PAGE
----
Archive for Saturday, August 9, 2003

Monks celebrate 50 years of community in Vermont

August 9, 2003


— From early childhood, many of the men were drawn to the prayer, rituals, and wisdom of the clergy; some aspired to be priests and to help others.

All have found their place at the Weston Priory, a Benedictine monastery set on an old dairy farm in rural Vermont, where a small community of Roman Catholic monks live for prayer and working toward a better world. This summer, they are celebrating 50 years as a monastic community.

"People think you have to give up so much to be part of this life. I'm not aware of that," said Brother Philip, who, like the other monks at Weston, prefers to be identified by his first name. "I'm aware of how much I've received."

Weston Priory was founded in 1953 by the German-born monk Leo Rudloff. Today, 15 monks ages 31 to 81 live at the priory, eating together without speaking, meeting five times a day for common prayer, and working in the fields, gardens, woods and workshops of their 450-acre grounds.

Bonds to each other

The monks wear bands on their wedding fingers to symbolize their bonds to each other. Five were ordained as priests before entering the community; the rest were not.

At least two were married before entering; one has daughters. Another is a former U.S. Marine who worked on Wall Street. The newest member, 31-year-old Brother Lorenzo, joined in February; the longest-serving, 78-year-old Brother John, has been there since 1955.

Brother Elias, a Sayreville, N.J., native who has been at the priory for 39 years, felt alone and was searching for community when he entered an enclosed monastery at the age of 18. There, monks only talked to three other monks.

He spent two years there before visiting the Weston Priory and deciding to move.

"There was something about the monastic life that I loved -- the community, the prayer," said Brother Elias. He said when he arrived at Weston, "I felt something that I couldn't describe.

"It was a sense of really belonging; a long-lost place I had discovered. That was the moment; it was the beginning of a long, joyful adventure."

Making a living

The monks make a living through pottery, weaving, and several other crafts, and through 16 albums of religious music -- composed, played and sung by the monks, and even recorded at a studio on the grounds. All the money they make goes to the community.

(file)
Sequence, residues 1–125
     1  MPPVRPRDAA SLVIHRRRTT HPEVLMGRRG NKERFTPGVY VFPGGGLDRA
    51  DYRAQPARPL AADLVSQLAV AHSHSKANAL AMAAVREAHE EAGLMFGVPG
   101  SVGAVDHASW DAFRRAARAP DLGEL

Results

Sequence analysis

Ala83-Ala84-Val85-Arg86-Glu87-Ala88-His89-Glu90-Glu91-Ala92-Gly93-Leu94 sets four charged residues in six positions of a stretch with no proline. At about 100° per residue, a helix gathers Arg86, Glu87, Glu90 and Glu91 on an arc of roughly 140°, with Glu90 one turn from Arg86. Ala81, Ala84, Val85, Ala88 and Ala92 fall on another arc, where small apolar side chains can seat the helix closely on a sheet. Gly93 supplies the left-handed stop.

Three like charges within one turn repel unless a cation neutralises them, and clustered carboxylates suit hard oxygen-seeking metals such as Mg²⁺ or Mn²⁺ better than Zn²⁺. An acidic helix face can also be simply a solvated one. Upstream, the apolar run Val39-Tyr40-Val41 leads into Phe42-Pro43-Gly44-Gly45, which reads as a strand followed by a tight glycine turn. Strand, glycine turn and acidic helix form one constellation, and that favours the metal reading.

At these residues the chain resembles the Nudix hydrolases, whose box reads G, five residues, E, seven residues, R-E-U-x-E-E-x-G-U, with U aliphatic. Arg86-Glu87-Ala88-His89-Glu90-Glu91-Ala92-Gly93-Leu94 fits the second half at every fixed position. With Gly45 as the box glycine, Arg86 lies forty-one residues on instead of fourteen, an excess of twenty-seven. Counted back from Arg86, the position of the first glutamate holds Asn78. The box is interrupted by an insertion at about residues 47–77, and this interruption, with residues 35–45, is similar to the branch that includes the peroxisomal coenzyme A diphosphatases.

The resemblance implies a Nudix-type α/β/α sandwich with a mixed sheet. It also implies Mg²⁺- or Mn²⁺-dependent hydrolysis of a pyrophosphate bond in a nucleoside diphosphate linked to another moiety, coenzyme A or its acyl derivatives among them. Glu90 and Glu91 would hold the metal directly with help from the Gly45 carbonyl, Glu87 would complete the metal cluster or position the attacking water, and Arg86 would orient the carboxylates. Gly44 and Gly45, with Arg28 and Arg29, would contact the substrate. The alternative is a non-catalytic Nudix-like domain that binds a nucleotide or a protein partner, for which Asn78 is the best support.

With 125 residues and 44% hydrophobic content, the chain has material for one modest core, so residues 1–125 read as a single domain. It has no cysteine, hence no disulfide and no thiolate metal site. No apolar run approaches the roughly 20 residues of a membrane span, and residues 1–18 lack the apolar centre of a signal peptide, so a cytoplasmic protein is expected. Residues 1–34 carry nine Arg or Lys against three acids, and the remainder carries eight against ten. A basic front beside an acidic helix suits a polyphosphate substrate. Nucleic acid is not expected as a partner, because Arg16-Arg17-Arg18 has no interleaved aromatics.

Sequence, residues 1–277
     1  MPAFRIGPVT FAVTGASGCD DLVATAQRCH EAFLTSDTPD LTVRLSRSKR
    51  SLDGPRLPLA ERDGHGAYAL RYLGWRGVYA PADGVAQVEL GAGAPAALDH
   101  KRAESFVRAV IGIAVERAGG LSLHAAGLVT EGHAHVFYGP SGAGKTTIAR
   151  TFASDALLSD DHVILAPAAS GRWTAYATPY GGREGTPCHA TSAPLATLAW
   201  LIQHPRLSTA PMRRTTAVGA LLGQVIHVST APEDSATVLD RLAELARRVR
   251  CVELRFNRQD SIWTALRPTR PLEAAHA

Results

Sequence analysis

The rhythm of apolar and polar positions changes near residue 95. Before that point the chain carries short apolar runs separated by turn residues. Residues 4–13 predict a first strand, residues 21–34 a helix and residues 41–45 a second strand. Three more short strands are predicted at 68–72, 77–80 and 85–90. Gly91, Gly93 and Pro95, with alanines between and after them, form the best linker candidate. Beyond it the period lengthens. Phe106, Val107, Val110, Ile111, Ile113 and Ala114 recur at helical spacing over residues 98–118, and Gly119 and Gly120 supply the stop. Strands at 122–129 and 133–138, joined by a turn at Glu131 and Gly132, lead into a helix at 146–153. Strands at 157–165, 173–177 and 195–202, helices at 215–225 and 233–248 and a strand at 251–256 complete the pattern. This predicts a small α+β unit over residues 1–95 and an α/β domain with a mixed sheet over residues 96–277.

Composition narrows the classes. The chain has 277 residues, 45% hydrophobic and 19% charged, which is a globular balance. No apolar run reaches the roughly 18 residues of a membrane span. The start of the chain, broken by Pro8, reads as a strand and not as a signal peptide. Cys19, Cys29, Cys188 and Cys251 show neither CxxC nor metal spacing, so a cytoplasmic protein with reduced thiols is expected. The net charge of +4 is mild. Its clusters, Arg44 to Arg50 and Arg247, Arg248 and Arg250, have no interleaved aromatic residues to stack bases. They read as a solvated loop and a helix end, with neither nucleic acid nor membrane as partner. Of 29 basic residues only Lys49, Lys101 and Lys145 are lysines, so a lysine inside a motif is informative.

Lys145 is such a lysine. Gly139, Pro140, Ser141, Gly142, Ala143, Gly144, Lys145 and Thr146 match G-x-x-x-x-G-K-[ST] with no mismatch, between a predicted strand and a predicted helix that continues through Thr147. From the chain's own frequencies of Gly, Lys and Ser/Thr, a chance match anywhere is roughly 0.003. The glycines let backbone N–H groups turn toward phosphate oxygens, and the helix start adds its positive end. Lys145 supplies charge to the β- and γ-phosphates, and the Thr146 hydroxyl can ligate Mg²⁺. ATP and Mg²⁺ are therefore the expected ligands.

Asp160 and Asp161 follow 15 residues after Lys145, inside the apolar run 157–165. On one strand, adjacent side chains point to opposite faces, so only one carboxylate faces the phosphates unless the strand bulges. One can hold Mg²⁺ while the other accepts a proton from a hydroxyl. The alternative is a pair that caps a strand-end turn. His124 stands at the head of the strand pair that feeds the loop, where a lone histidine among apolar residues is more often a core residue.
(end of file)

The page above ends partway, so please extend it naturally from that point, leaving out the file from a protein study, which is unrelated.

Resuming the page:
The brothers dress in ordinary clothes such as shorts and T-shirts most of the day but put on their traditional gray robes for prayer. They are silent from the end of evening prayers until the next morning.

"St. Benedict encourages (us) not to waste words," Brother Elias said. "(He says) we tend to stumble when we use too many words; we stumble in our relationships with one another."

The monks deter personal questions; they seem shy. Yet they are warm and open to the many strangers who visit, and see themselves as a voice for oppressed people.

The community, which opposed the U.S. war in Iraq, also strives to show the world by example that peace is possible in the world.

"Peace is a choice; we take the steps to make a peaceful climate," said Brother Philip, 53, a monk from Buffalo, N.Y.

Eighteen years ago, the monks took in a family of Guatemalan refugees; the family's five children have grown and left, but the parents are still with them. The monks work with Benedictines in Mexico on social issues in that country, traveling there and hosting visitors.

The priory also has opened its grounds to plantings from local groups in memory of people who died from AIDS, and an Alcoholics Anonymous group meets in a common room there every Sunday. Groups of inner-city children visit each summer and stay on the grounds.

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